The Marder’s main armament is a 20-millimeter autocannon, Milan antitank guided missile (ATGM) and 12.7-mm machine gun. With a crew of three, a Marder can carry six soldiers.
The TNI first deployed Marder into cavalry battalions before transferring them to infantry battalions, transforming them into mechanized infantry battalions.
Despite its relatively old age, the Marder has strengthened the Army’s mechanized infantry warfare capabilities by providing heavier firepower. Previously, the Army’s mechanized infantry used Pindad’s wheeled Anoa armored personnel carrier (APC), which only has machine guns.
Currently, the latest variant is the Marder 1A5, which comes with improved armor and protection.
Rheinmetall also offers an APC version of the Marder that can carry three crew and 12 infantrymen.
M109 A4 self-propelled gun
M109 self-propelled howitzer (tniad.mil.id/-)
In 2017, Indonesia bought 36 M109A4-BE self-propelled howitzers (SPHs), which had been modernized before being decommissioned by Belgium. The purchase increased the fire power of the Indonesian Army’s Field Artillery Corps (Armed). The 155 mm howitzers are placed on a tracked platform. While purists would frown upon it, you can say that the M109 is a tank with an oversized gun.
Belgium bought the M109A4-BEs from 1984 to 1985 and modernized them from 2007 to 2008. The upgrade increased the SPH’s firepower and mobility. The SPH has an effective firing range of 21 kilometers, which can be increased to 30 km when using rocket assisted projectiles (RAP).
Indonesia received the SPH in two delivery batches of 18 units each in July 2017 and July 2018.
First entering service in the United States in 1963, the SPH’s latest iteration is the M109A7, which has a firing range of 45 km using the latest RAP type, the XM11113.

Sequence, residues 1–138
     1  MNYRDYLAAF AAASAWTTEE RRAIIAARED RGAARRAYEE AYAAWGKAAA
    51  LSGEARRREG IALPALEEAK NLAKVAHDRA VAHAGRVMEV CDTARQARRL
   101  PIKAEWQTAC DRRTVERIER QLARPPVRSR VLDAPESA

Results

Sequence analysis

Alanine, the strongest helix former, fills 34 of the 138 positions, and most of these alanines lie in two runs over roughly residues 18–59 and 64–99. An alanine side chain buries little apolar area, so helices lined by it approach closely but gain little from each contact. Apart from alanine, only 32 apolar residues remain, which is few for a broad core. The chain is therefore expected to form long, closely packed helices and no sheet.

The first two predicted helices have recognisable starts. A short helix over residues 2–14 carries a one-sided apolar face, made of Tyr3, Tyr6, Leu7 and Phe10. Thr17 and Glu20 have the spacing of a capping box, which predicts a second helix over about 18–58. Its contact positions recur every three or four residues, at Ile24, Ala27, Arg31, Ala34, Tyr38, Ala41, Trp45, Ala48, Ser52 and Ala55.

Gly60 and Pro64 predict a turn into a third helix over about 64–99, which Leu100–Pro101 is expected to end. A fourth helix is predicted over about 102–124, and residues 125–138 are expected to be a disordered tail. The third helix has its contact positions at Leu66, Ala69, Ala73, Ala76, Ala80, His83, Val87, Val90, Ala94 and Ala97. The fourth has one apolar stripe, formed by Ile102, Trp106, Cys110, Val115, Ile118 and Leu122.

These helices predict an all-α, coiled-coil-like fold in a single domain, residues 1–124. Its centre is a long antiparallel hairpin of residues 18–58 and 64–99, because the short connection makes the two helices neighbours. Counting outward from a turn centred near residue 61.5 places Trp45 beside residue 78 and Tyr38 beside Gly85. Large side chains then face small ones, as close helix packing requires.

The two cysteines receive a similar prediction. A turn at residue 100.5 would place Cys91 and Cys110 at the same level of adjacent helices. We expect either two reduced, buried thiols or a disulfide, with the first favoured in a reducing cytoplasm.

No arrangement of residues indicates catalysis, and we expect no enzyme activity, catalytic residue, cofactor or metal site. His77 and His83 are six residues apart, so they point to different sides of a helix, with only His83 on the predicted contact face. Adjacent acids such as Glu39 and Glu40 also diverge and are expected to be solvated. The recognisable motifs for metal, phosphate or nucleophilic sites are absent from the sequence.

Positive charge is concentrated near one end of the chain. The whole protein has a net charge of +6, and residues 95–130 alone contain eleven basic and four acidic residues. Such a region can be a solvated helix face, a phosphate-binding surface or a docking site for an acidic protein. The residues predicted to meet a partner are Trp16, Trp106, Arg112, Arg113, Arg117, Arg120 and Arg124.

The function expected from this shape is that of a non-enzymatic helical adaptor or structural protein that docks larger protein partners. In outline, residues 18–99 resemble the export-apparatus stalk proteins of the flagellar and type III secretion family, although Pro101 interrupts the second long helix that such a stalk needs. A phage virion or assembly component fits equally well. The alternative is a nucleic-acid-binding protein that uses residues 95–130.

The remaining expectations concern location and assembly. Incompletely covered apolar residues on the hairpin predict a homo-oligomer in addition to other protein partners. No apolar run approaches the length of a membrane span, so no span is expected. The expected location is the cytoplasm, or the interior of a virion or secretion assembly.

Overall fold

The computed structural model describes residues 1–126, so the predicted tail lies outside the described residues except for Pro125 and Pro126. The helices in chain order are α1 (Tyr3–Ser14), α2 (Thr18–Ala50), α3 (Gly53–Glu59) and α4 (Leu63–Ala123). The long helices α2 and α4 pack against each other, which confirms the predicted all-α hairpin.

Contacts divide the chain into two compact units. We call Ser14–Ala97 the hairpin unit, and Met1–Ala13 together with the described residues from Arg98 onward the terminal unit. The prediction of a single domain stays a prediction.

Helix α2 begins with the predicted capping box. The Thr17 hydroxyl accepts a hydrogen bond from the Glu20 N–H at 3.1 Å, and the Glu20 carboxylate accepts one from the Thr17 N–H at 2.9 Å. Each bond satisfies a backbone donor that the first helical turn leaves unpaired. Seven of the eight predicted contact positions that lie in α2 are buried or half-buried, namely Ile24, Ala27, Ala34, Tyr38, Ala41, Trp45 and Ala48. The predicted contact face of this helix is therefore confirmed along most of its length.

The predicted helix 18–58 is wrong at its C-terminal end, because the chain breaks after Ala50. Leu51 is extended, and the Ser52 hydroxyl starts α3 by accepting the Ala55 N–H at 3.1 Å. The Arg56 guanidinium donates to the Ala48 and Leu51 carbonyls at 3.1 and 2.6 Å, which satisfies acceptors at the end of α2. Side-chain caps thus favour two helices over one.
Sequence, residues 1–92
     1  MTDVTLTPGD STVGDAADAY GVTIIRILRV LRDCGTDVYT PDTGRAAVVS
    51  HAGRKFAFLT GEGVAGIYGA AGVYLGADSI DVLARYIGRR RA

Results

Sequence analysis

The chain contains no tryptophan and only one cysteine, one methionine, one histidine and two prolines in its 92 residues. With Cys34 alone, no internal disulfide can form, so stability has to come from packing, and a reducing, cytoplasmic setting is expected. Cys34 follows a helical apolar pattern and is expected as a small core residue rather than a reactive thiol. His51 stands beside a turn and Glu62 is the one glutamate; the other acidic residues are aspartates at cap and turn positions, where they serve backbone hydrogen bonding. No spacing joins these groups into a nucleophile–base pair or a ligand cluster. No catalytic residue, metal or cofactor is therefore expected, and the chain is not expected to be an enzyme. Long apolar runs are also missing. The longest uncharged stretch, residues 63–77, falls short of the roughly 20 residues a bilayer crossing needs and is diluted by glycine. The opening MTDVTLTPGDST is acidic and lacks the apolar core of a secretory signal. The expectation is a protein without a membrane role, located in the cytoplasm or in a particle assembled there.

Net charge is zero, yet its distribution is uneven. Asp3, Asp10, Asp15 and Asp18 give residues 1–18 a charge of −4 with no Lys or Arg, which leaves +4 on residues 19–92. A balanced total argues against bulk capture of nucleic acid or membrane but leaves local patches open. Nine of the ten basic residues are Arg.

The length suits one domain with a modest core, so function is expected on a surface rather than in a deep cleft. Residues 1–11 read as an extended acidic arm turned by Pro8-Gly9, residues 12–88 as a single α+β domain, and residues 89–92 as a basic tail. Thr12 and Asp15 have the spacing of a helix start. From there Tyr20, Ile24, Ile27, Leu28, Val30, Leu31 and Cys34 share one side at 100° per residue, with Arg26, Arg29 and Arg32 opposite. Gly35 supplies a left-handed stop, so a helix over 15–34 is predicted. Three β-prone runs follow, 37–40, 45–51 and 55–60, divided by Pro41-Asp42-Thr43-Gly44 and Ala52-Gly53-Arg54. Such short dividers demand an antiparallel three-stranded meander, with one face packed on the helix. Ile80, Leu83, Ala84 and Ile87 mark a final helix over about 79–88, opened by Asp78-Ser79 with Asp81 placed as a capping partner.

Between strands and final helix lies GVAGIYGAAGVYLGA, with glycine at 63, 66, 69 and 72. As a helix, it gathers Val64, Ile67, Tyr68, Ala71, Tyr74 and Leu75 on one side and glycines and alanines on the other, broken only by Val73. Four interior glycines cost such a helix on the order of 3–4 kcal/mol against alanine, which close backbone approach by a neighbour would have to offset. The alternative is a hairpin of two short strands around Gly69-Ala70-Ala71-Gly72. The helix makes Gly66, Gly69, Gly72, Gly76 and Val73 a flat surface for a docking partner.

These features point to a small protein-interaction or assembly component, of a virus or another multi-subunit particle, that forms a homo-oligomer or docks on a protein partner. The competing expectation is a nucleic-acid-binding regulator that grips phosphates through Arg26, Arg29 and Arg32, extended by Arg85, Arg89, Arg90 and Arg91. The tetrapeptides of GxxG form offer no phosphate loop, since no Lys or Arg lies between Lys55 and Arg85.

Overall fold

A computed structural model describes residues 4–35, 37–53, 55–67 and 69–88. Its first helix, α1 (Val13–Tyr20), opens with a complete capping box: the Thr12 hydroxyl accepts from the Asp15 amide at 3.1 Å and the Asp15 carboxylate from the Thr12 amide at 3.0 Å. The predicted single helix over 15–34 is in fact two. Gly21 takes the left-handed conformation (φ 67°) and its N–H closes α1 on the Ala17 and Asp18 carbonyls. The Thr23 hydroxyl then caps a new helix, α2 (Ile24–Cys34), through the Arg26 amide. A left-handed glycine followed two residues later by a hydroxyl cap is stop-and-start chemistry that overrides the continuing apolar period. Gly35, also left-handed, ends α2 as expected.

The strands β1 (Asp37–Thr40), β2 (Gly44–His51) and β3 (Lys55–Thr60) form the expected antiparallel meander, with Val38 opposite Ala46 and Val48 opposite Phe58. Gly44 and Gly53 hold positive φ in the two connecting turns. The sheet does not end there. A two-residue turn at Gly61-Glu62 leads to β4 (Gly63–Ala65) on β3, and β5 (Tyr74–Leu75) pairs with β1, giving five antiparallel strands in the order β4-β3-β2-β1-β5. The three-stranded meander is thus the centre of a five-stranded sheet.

M113A1 armored personnel carrier
M113A1 armored personnel carrier (tniad.mil.id/-)
It appears the Army has a special penchant for, or connection with, the Belgians. This was demonstrated by the arrival in 2014 to 2017 of 150 M113A1 armored personnel carriers (APCs) that had been decommission by the Belgian army.
With armor made of aluminum, the M113 is an iconic battle vehicle that started service in 1960 and was a ubiquitous actor in the Vietnam War when it was used as a battle taxi.
Belgium produced its M113A1s at home under with a license from the original US maker Food Machinery Company (FMC). With a crew of two, a M113 can carry up to 11 soldiers.
Indonesia began using M113s much later than its neighbors the Philippines, Singapore, Thailand, and former South Vietnam, which began using them in the 1960s and early 1970s.
With a capacity of two crew and 11 troops, the army has deployed M113s to several mechanized infantry battalions in addition to Pindad’s Anoa APCs. The main armament is a 12.7-mm machine gun.
While the M113 has moderate amphibious capabilities, the Army also bought five fully amphibious M113 Arisgators from Italian company Applicazioni Rielaborazioni Impianti Speciali (Aris) Spa. Aris offers a modification package to make the M113 fully amphibious.
The M113 is a versatile platform that has been developed for several derivative functions, such as antiaircraft, antitank, command and reconnaissance, mortar carrier and recovery.